A White Helmet spokesperson said, “We need help. We need the international community to do something, to help us, it’s a disaster area, we need help.” In the background, shouting and sirens can be heard as frantic rescuers coordinate rescue efforts.
Multiple nations abroad have pledged humanitarian assistance. According to AFAD, 62 search and rescue teams from 50 nations have offered assistance. A British government official on Twitter announced that immediate support is being sent to Turkey, including 76 search and rescue specialists, equipment, and rescue dogs. Search and rescue teams, medical and rescue specialists, rescue equipment and transport planes have also been offered from a myriad of EU nations, Greece, India, Russia, Ukraine and Israel, according to The New York Times.
The UN Secretary-General, Antoine Guterres, has pledged support by the UN for Turkey in a press release. “My heart goes out to the people of Türkiye and Syria in this hour of tragedy. I send my deepest condolences to the families of the victims and wish speedy recovery to the injured,” Guterres said. “The United Nations is fully committed to supporting the response. Our teams are on the ground assessing the needs and providing assistance.”
UN organizations such as the World Health Organization (WHO) and UNICEF have reported that UN staff are already on the ground giving aid to those affected. “The immediate priority is to support the response locally,” Dr. Catherine Smallwood said, Senior Emergency Manager coordinating the Türkiye earthquake response at WHO/Europe, in a UN News release. “Türkiye has very strong capacity to respond to earthquakes, but such is the level of the destruction, they have put out an alert for international medical assistance. And we are coordinating potential deployment with the Turkish authorities.”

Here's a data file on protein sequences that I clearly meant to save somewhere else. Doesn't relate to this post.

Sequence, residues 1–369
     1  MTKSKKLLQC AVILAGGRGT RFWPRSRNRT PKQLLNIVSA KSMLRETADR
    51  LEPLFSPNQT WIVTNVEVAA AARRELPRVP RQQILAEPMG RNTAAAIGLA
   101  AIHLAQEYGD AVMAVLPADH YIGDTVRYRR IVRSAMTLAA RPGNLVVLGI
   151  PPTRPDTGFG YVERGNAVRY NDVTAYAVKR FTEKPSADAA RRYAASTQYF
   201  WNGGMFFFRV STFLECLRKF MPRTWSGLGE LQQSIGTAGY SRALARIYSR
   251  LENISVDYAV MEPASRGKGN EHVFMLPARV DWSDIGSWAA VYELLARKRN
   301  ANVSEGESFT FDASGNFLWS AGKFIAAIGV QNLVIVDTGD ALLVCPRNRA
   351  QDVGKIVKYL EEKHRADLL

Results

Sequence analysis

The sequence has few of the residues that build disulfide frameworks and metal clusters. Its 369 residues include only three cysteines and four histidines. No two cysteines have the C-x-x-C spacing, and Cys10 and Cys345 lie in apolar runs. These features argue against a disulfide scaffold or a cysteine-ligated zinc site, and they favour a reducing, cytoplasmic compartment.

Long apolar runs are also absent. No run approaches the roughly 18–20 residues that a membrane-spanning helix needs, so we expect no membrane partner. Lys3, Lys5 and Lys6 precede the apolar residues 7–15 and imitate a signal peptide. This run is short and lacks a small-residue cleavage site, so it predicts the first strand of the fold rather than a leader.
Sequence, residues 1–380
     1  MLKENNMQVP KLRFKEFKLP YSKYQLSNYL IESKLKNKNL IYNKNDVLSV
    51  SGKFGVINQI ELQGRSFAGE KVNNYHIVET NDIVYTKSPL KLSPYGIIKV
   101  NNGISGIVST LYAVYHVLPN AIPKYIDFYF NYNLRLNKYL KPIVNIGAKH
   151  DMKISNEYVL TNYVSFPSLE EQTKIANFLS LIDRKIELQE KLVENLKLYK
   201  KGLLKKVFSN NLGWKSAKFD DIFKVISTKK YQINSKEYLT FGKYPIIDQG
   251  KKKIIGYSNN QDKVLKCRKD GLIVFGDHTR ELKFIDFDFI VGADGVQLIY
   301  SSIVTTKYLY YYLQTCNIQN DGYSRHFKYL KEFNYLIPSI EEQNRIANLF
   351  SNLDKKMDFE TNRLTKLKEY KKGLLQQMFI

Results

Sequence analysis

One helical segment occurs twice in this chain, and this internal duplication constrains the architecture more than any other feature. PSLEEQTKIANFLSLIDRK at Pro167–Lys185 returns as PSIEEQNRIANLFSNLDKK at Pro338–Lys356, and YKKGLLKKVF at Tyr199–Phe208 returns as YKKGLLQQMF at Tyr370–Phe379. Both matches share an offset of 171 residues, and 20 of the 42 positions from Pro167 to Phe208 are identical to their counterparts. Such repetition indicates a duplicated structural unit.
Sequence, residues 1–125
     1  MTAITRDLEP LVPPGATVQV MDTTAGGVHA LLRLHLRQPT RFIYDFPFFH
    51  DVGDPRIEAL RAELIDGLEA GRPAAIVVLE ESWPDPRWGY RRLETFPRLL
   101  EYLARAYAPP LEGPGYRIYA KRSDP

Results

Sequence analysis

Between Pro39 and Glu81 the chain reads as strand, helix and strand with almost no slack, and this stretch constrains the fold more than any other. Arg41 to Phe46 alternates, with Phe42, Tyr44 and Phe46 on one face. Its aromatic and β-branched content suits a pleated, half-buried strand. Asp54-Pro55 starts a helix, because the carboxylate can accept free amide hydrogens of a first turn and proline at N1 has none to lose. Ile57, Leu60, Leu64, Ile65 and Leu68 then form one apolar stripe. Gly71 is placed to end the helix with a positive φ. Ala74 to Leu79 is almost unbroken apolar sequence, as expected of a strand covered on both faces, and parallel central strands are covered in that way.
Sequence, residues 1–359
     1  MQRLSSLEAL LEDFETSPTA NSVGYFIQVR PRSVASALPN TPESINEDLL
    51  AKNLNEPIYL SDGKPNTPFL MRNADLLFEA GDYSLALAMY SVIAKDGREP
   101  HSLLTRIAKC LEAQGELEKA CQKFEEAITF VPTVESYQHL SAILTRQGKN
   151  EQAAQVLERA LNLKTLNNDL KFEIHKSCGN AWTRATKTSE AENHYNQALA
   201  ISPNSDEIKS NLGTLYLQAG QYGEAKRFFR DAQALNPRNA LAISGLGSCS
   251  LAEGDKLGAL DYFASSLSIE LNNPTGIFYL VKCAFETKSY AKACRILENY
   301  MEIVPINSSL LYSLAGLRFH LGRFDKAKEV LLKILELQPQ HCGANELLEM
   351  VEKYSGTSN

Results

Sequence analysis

The US Government is also coordinating with Turkish officials to provide humanitarian aid. “My Administration has been working closely with our NATO Ally Türkiye, and I authorized an immediate U.S. response,” President Biden said in a White House press release. “At my direction, senior American officials reached out immediately to their Turkish counterparts to coordinate any and all needed assistance.” He then offered his condolences to Turkish residents who have been injured or lost loved ones, and those who saw their homes destroyed.
Both Secretary of Defense Jake Sullivan and Secretary of State Antony Blinken have begun engaging with their Turkish counterparts. Another White House press release reaffirmed US support and their continued monitoring of the situation. Blinken announced in a State Department press release, “I have directed my team to remain in close contact with our Turkish allies and our humanitarian partners in the coming days to determine what the region needs. Our initial assistance response to Türkiye is already underway, and U.S.-supported humanitarian organizations in Syria are responding to the earthquakes’ effects across the country.”
In a follow-up, according to Reuters, Blinken spoke to Turkish Foreign Minister Mevlüt Çavuşoğlu, expressing his condolences, quoted as saying “pick up the phone and let us know” what the US could do to help.
Some feared that a nuclear reactor under construction in Akkyu, Turkey, would have been damaged by the earthquake and subsequent aftershocks. As of now, there have been no reports of any damage to the nuclear power plant facility. “Earth tremors of about magnitude 3 were felt here… but our specialists have not revealed any damage to building structures, cranes and equipment,” Anastasia Zoteeva from Russia’s state nuclear energy company Rosatom said on Reuters.
However, critical infrastructure elsewhere has reported major damage, such as a major Mediterranean port in Iskanderun, according to Turkish maritime authority reports to the Daily Asbah, sustaining major damage as a result of the earthquake.